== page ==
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Adverse Effects

    Safety testing on essential oils has shown minimal adverse effects. Several oils have been approved for use as food additives and are classified as GRAS (generally recognized as safe) by the U.S. Food and Drug Administration; however, ingestion of large amounts of essential oils is not recommended. In addition, a few cases of contact dermatitis have been reported, mostly in aromatherapists who have had prolonged skin contact with oils in the context of aromatherapy massage.[1] Some essential oils (e.g., camphor oil) can cause local irritation; therefore, care should be taken when applying them. Phototoxicity has occurred when essential oils (particularly citrus oils) are applied directly to the skin before sun exposure. One case report also showed airborne contact dermatitis in the context of inhaled aromatherapy without massage.[2] Often, aromatherapy uses undefined mixtures of essential oils without specifying the plant sources. Allergic reactions are sometimes reported, especially following topical administration. As essential oils age, they are often oxidized so the chemical composition changes. Individual psychological associations with odors may result in adverse responses. Repeated exposure to lavender and tea tree oils by topical administration was shown in one study to be associated with reversible prepubertal gynecomastia.[3] The effects appear to have been caused by the purported weak estrogenic and antiandrogenic activities of lavender and tea tree oils. Therefore, avoiding these two essential oils is recommended in patients with estrogen -dependant tumors. However, this is the first published report of this type of adverse effect when using products containing tea tree or lavender oils.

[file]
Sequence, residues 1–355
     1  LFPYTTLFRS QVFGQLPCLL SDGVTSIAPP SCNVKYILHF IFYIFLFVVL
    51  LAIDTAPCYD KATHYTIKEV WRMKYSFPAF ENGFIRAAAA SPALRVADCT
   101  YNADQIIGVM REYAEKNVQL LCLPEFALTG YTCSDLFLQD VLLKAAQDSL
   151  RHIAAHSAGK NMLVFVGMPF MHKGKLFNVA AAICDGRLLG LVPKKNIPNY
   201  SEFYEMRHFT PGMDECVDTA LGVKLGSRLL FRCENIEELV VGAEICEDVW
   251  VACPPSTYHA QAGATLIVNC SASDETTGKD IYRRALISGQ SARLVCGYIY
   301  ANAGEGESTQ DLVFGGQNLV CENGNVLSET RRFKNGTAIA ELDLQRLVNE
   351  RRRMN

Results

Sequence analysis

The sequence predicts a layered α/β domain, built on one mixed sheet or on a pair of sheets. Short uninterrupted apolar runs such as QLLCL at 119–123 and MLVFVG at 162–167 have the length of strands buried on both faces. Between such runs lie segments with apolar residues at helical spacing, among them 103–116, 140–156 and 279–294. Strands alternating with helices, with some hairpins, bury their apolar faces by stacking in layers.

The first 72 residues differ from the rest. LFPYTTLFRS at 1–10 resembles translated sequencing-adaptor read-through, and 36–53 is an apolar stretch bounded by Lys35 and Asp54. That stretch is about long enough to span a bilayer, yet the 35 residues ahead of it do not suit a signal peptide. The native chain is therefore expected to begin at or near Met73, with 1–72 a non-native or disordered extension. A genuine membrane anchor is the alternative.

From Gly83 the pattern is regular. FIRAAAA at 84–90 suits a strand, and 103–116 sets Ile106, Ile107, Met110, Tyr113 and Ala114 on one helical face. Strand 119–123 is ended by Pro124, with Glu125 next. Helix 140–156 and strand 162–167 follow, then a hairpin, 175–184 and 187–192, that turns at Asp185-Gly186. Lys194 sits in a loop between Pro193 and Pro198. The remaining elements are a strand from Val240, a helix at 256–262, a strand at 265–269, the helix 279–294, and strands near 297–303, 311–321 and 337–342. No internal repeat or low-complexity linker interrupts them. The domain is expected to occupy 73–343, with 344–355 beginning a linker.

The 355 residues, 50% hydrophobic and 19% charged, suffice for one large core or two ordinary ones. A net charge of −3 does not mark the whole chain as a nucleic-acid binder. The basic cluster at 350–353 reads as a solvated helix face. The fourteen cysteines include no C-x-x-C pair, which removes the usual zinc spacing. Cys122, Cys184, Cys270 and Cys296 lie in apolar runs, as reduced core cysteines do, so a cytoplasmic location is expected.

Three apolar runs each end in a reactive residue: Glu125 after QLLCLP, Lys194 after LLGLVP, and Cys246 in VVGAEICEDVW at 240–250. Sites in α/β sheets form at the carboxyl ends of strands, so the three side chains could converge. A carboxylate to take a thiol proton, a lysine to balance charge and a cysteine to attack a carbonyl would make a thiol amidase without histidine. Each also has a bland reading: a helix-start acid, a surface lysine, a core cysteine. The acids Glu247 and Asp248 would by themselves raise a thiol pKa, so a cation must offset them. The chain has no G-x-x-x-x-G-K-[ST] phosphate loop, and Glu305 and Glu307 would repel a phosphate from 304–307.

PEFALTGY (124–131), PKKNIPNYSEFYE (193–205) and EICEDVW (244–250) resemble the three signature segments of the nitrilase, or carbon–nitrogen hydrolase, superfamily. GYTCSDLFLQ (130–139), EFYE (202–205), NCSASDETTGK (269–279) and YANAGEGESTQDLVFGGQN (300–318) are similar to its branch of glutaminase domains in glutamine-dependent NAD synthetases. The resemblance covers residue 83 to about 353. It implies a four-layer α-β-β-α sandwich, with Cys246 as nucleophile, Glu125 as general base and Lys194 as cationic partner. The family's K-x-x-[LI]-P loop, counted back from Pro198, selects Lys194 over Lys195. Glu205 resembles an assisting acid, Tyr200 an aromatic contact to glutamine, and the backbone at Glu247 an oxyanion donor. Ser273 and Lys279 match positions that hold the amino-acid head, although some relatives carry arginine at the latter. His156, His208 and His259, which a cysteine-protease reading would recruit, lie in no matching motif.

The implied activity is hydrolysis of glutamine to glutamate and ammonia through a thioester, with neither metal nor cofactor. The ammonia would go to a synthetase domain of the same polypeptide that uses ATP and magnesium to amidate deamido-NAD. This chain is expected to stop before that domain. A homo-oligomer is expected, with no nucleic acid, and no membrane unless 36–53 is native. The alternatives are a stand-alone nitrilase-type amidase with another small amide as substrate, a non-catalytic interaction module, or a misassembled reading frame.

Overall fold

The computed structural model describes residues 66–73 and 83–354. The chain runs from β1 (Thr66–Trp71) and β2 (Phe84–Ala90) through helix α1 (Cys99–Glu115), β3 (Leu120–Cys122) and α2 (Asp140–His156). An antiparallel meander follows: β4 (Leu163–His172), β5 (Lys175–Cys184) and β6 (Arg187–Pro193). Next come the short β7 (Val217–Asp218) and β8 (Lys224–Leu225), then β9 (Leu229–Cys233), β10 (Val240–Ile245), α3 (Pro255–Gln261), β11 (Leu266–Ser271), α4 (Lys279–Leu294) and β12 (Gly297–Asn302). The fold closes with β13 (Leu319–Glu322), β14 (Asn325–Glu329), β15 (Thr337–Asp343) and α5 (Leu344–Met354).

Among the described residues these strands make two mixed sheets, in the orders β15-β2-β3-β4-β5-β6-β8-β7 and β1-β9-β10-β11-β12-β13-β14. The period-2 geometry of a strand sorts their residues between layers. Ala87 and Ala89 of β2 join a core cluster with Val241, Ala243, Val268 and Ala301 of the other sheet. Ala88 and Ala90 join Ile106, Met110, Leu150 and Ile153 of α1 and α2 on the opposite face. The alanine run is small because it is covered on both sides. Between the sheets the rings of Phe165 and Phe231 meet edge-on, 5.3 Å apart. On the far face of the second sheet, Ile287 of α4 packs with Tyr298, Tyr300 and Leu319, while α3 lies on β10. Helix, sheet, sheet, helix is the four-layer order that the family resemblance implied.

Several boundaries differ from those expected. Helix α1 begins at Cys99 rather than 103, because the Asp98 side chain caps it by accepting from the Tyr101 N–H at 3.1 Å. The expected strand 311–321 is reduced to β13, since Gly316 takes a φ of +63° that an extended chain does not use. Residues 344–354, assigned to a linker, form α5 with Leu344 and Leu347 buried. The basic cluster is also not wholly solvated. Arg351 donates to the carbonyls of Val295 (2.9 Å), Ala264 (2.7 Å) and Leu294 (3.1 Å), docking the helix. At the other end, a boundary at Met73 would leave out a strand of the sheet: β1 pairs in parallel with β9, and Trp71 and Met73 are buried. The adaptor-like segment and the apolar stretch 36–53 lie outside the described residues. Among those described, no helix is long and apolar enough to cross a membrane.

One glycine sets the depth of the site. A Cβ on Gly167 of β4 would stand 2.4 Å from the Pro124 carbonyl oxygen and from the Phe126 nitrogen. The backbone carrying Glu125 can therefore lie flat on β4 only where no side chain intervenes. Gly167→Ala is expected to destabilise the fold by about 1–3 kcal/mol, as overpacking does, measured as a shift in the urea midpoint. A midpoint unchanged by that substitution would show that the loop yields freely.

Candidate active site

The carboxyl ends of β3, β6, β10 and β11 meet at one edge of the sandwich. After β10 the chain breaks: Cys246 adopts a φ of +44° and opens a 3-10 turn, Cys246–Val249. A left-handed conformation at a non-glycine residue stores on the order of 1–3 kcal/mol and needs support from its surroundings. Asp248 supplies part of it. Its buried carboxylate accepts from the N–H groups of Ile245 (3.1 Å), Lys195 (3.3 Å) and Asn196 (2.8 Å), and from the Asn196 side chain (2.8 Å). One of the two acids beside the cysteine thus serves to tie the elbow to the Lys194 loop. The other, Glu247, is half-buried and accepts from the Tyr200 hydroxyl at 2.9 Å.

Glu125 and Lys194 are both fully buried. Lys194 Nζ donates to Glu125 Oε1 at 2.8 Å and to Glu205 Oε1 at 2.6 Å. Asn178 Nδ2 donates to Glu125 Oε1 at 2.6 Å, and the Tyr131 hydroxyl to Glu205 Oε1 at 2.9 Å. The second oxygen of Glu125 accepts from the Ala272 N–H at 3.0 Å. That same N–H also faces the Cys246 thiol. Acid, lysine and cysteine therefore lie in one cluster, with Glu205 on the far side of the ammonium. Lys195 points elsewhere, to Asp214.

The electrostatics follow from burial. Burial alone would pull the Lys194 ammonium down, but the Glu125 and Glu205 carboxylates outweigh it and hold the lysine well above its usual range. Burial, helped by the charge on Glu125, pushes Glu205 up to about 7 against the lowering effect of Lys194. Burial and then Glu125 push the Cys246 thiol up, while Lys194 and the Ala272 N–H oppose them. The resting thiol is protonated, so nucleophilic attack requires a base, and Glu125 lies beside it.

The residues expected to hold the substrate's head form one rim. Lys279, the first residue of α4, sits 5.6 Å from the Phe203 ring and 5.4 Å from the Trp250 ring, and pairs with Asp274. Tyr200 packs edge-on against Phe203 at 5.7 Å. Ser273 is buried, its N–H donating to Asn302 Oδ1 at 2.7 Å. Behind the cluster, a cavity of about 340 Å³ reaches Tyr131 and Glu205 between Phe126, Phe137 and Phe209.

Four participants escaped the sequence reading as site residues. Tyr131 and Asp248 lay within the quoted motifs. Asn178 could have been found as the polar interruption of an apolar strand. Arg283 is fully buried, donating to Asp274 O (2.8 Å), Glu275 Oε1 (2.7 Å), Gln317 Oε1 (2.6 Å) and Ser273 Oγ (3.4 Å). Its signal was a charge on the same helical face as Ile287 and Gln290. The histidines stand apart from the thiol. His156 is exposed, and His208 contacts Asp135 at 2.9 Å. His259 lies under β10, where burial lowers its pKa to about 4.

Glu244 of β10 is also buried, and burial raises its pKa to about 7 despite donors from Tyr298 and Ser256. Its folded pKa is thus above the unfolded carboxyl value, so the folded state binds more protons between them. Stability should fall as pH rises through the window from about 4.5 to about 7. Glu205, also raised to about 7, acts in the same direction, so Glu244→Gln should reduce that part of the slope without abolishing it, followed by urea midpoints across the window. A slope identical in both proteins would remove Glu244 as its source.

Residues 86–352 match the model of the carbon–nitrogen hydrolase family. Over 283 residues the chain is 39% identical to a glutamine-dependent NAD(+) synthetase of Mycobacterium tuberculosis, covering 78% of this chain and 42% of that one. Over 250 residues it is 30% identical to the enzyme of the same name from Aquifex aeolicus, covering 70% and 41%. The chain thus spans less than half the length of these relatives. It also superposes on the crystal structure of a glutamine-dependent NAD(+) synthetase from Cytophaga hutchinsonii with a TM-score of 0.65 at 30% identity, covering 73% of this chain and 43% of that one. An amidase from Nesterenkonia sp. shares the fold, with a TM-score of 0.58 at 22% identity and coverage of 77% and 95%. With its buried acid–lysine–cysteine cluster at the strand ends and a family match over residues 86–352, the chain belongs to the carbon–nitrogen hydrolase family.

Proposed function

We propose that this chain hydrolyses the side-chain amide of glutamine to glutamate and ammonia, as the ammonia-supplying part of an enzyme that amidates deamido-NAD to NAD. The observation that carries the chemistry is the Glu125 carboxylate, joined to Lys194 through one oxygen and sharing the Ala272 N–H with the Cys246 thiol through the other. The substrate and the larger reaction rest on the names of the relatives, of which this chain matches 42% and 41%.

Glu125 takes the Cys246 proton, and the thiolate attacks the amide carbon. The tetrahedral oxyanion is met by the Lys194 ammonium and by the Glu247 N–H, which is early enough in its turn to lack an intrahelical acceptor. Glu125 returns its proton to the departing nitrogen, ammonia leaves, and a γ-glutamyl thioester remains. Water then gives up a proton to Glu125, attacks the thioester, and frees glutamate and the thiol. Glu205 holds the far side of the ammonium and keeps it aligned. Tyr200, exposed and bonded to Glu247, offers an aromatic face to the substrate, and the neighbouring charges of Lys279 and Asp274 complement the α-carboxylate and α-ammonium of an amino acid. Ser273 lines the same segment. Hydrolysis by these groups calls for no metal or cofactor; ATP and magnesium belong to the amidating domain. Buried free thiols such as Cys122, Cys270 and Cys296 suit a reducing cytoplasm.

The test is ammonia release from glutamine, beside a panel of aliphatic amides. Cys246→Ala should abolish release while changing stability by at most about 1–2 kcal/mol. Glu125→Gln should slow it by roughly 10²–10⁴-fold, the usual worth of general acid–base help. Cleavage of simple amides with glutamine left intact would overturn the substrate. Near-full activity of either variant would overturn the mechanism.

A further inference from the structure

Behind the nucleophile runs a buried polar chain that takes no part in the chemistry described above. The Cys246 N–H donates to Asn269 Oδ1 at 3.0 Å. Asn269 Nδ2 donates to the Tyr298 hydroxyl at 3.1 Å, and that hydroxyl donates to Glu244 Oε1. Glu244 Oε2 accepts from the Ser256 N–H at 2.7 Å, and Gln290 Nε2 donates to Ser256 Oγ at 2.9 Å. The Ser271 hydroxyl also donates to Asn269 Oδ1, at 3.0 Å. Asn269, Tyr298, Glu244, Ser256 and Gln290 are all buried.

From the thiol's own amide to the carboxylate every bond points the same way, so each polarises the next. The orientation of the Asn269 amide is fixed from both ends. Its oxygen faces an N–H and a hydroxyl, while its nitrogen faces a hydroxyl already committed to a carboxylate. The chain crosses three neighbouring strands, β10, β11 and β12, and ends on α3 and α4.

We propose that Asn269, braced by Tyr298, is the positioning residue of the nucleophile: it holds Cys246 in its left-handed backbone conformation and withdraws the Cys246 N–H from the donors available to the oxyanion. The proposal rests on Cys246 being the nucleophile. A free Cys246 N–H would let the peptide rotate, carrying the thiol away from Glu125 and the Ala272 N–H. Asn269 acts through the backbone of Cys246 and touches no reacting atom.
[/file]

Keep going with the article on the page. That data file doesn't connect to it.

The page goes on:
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    1. Bilsland D, Strong A: Allergic contact dermatitis from the essential oil of French marigold (Tagetes patula) in an aromatherapist. Contact Dermatitis 23 (1): 55-6, 1990.
    2. Schaller M, Korting HC: Allergic airborne contact dermatitis from essential oils used in aromatherapy. Clin Exp Dermatol 20 (2): 143-5, 1995.
    3. Henley DV, Lipson N, Korach KS, et al.: Prepubertal gynecomastia linked to lavender and tea tree oils. N Engl J Med 356 (5): 479-85, 2007.

      WebMD Public Information from the National Cancer Institute

      Last Updated: February 25, 2014
      This information is not intended to replace the advice of a doctor. Healthwise disclaims any liability for the decisions you make based on this information.
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